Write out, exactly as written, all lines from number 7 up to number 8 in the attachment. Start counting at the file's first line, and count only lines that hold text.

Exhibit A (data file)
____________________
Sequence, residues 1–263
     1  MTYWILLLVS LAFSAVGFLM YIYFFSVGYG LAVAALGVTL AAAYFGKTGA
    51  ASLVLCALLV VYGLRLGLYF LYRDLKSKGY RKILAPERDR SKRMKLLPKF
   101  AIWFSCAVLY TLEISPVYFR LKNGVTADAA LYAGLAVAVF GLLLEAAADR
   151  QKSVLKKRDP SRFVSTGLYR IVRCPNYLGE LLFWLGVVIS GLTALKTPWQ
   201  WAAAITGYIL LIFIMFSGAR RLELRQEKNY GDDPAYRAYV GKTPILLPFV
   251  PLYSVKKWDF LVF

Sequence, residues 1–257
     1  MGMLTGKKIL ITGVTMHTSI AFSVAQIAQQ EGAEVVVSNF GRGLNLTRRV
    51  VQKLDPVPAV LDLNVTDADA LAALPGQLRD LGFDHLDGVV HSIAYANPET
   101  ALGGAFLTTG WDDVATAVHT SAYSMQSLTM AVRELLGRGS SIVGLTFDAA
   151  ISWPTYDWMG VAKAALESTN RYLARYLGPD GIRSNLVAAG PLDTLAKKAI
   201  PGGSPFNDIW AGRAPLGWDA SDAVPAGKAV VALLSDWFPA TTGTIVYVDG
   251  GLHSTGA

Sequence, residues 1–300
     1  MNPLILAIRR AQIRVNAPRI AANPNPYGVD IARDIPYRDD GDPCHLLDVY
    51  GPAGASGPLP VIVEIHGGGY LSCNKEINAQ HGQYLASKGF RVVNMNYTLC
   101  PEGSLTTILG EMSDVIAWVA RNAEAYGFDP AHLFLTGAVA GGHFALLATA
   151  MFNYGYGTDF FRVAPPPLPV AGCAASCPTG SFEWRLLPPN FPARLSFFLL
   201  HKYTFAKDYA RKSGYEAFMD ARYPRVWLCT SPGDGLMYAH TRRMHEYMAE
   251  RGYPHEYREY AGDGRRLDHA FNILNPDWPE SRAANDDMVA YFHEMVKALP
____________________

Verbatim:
   251  PLYSVKKWDF LVF

Sequence, residues 1–257